When asked about the qualities of an ideal defensive back, Tide secondary coach Chris Ball listed three virtues. "Foot speed, open field tackling ability and ability to guard the deep ball," Ball said.
Charles Jones is all of those things for the Tide, entering his final season as the Tide's veteran starting free safety.
Heading into the 2003 season, Jones wants to make his veteran presence known both on defense and in the locker room. "I'd like to be like a coach on the field," Jones said. "I just want to be consistent."
Like all of the Tide seniors, free safety Charles Jones is entering his final season playing for his third coaching staff.
Jones was a key cog in a secondary unit that went from defensive liability in 2001 to a major strength of the Tide team last season.
During the just-completed spring drills, Jones absorbed the new defensive system of defensive coordinator Joe Kines.
Jones and the rest of the secondary will adjust to a new scheme that will feature a great deal of new coverages, different than those favored under former defensive coordinator Carl Torbush. "We have some ‘cover four,' we're not straight zone or straight man," Ball said. "The reads are different, the fits are different."
The veteran Jones feels confident in the new scheme. "Defense is defense," Jones said. "There's only so much you can do on defense."
After not playing as a freshman and seeing limited action in his sophomore campaign, Jones earned the starting free safety spot in spring and was awarded the "Bobby Johns Most improved Defensive Back" award by the coaching staff.
Last season, Jones started every single game at free safety and was the leading tackler among defensive backs, with 86 tackles, one for a loss of 30 yards. He also grabbed a pair of interceptions.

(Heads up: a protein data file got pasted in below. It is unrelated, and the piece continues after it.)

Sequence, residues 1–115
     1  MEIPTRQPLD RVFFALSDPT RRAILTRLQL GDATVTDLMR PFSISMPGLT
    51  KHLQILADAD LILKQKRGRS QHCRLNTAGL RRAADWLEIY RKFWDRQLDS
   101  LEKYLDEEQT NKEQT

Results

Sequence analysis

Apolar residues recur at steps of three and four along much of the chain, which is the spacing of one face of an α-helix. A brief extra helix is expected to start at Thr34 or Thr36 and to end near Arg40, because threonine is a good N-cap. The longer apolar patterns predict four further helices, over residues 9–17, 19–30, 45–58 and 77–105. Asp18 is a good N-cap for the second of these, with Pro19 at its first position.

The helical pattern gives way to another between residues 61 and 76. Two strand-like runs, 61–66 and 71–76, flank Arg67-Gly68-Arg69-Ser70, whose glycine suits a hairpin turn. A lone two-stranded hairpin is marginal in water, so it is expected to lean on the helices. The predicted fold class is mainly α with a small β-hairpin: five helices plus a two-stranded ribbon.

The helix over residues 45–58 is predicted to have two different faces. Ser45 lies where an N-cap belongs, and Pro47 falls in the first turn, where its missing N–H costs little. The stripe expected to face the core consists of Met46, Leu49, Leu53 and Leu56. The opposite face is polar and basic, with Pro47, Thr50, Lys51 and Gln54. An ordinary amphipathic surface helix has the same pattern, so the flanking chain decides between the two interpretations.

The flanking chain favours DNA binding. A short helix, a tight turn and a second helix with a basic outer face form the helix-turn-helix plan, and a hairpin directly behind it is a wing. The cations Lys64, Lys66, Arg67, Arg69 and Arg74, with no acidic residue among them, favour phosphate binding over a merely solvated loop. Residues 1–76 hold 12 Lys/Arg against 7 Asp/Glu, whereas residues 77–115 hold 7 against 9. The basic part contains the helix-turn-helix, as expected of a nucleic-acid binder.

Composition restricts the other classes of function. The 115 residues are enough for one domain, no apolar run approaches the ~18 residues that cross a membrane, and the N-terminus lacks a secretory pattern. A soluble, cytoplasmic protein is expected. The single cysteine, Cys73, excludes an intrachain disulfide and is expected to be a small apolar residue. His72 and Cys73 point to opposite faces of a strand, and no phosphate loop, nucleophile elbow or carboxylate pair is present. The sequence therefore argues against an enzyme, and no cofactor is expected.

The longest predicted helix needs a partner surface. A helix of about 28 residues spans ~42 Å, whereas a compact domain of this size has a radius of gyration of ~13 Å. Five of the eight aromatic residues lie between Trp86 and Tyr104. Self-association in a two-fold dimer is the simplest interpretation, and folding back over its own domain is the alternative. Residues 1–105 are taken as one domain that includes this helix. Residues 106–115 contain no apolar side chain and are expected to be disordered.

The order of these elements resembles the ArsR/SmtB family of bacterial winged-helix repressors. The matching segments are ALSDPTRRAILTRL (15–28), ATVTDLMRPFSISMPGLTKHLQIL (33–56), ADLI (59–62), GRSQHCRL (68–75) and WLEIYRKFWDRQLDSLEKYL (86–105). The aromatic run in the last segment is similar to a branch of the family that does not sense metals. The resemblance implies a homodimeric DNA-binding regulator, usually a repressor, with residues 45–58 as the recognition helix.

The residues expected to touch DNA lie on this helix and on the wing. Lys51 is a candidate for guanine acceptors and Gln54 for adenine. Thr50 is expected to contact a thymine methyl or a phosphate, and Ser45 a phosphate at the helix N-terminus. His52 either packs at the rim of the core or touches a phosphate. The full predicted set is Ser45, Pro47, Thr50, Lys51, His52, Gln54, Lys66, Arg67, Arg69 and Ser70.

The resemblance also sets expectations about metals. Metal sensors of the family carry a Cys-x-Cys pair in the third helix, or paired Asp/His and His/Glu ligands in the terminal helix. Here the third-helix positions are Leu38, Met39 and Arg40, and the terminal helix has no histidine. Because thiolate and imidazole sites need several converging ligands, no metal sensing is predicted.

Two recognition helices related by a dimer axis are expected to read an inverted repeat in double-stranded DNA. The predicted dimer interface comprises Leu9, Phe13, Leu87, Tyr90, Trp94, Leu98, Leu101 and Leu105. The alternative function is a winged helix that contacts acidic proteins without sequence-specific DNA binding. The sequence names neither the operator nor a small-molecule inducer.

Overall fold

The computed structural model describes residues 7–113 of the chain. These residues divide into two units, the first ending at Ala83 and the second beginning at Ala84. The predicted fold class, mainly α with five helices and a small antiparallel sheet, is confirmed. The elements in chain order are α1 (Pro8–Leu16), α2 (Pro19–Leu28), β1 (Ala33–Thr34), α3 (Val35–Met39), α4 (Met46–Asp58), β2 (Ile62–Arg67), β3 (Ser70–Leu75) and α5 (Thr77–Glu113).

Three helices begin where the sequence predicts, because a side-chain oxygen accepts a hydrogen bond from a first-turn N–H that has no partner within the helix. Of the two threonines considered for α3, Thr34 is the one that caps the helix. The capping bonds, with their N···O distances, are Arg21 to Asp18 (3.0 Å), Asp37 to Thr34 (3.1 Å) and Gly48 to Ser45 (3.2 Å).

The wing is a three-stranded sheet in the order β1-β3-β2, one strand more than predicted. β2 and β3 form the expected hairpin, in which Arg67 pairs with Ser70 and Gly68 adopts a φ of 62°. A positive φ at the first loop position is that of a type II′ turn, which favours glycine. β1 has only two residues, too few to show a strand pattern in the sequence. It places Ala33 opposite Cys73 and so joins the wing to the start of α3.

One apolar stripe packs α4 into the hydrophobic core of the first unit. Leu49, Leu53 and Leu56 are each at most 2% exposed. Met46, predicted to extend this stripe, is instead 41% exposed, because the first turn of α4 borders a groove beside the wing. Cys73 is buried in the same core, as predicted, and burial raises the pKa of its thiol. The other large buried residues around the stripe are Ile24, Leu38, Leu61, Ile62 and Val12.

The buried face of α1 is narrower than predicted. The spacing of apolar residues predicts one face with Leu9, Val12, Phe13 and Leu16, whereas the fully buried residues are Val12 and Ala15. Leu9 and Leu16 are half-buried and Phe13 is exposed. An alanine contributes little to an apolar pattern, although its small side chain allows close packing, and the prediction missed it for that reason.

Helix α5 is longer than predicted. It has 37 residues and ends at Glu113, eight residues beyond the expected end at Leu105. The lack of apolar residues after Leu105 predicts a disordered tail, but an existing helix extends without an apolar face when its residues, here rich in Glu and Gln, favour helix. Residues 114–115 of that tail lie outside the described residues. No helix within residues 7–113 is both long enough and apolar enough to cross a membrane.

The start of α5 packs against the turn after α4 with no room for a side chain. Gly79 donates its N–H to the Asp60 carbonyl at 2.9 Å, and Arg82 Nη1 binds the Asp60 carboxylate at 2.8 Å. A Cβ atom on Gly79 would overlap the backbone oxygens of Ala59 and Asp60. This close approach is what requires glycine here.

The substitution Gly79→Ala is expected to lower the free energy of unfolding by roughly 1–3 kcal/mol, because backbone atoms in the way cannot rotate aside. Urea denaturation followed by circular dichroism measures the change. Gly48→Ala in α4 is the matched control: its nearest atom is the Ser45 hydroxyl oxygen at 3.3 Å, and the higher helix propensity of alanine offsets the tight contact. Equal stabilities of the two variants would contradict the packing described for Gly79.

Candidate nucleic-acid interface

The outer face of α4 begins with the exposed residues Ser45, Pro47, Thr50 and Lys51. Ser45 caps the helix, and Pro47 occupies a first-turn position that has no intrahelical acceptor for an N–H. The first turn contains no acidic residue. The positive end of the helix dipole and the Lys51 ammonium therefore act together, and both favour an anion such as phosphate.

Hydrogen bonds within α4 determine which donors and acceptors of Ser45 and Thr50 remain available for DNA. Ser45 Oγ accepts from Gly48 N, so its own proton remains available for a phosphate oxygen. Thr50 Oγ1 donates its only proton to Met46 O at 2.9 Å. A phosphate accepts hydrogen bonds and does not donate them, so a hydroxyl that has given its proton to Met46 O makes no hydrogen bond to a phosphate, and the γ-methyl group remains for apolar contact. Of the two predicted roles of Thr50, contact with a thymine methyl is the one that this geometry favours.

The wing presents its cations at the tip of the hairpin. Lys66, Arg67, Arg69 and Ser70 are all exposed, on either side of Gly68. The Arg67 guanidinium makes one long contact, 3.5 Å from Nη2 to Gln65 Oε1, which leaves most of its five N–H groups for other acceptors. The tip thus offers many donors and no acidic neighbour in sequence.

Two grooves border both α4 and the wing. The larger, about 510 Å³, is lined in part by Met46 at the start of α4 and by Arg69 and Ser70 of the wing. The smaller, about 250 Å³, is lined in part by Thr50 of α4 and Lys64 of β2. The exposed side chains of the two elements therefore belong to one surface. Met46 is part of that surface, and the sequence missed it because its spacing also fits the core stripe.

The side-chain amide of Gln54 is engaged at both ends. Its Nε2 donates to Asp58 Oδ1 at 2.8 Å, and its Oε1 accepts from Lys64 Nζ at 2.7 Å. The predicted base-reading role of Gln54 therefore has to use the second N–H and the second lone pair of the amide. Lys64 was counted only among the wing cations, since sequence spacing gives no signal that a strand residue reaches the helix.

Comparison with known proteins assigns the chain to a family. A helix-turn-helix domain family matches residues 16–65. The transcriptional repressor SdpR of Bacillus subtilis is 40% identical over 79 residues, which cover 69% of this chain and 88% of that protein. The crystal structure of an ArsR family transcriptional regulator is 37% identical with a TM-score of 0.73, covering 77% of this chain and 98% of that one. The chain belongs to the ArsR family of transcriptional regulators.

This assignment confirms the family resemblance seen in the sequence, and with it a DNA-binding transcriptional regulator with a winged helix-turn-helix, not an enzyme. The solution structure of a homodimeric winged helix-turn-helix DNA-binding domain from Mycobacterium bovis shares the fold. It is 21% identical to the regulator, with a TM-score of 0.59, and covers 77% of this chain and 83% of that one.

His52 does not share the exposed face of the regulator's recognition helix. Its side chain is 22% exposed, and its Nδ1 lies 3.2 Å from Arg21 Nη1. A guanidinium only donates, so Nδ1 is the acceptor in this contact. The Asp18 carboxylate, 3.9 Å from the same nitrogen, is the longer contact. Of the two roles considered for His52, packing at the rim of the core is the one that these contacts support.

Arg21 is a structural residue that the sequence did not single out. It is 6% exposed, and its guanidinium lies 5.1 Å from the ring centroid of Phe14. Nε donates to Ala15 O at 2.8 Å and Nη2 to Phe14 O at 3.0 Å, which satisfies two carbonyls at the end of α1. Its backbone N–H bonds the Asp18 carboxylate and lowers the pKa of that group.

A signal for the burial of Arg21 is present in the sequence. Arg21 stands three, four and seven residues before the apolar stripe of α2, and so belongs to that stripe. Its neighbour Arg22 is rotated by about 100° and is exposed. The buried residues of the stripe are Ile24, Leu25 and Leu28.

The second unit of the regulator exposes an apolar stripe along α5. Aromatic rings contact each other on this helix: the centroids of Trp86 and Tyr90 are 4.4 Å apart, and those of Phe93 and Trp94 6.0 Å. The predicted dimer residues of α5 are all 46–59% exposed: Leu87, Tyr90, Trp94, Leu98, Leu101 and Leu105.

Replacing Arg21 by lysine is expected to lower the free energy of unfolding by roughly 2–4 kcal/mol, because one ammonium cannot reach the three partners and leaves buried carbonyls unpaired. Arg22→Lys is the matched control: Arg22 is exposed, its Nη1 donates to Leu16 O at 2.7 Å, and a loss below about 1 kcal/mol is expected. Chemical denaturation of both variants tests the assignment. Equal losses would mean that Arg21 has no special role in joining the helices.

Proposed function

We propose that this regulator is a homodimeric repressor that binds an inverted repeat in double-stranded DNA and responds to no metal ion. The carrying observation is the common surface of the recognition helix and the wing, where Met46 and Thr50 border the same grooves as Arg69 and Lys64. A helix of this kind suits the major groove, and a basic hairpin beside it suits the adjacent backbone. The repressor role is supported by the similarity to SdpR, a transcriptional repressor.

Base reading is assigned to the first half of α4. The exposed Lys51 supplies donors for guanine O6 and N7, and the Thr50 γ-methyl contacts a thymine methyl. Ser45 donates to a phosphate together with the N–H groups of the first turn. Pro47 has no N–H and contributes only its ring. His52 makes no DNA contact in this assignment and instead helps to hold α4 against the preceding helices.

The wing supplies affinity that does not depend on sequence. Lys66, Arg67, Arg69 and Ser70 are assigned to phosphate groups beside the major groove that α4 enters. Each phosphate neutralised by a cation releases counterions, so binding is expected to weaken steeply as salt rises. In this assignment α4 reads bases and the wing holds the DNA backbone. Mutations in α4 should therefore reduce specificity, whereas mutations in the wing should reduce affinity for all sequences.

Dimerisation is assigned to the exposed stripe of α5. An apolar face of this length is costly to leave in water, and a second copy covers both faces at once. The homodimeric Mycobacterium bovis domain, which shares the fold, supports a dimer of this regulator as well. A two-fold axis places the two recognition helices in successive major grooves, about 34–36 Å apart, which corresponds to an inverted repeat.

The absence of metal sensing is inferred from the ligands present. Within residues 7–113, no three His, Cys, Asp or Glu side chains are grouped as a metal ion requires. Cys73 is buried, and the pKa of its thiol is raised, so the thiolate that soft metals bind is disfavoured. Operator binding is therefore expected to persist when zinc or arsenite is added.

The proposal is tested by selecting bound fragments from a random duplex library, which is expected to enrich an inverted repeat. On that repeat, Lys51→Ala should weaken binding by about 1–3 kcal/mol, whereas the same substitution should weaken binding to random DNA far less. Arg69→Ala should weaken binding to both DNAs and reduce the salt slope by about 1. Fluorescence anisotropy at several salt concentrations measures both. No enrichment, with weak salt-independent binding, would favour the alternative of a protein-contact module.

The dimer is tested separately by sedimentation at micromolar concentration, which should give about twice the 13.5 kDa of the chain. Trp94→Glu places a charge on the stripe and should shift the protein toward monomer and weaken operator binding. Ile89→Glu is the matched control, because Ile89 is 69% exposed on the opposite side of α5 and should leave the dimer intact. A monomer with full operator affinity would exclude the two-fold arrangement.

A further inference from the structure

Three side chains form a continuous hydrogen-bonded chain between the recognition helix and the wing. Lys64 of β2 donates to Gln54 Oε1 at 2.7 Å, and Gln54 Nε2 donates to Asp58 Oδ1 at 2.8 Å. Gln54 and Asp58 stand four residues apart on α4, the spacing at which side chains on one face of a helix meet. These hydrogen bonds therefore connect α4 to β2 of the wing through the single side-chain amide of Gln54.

Against Mississippi State, Jones was a playmaking dynamo, totaling 10 tackles, an interception, and also jarring loose a pair of fumbles.
Jones has a well-deserved reputation as a hard hitter at safety. He forced team-high three fumbles last season.
At 6-0, 180 pounds Jones has solid size for a safety. But his best attribute is a tenacious, hard-hitting attitude and excellent foot speed that allows him to roam at will in the defensive backfield.
"I didn't expect him to be as big as he was," Ball said. "He's got great instincts."
"It helps a little bit, you know how you're supposed to run the offense," Jones said of his previous offensive experience in high school.
In 2001, their opposition repeatedly scorched the Tide secondary. The season for the secondary reached rock bottom as LSU quarterback Rohan Davey passed for 528 yards and a pair of scores in a LSU victory that was more lopsided than the scoreboard indicated.
A firestorm of criticism encircled the secondary, but from this fire a new, veteran group emerged, tempered by the flames of adversity.
In 2002, the secondary went from mortal weakness to major strength, as the Tide only gave up an average of 177 yards per game. Jones was a major part of the secondary renaissance as he was a consistent, durable contributor in every game last season.
According to Jones, maturity and hungry underclassmen such as Charlie Peprah contributed to the turnaround. "All of us matured, Smoke (Gerald Dixon), Hirchel Bolden and Waine Bacon and I," Jones said. "Young guys pushed us and made us better."
Jones also relishes the challenge of facing top opposition every week in the fierce vertical battles of SEC play. "You're always getting challenged. Making plays, shutting down receivers," Jones said. "In the SEC, you face a top receiver every game."
In the spring, with Head Coach Mike Price's new multi-wideout sets, Jones got a lot of work covering the speedy Tide wideouts.
So who does Jones see as the Tide's toughest cover?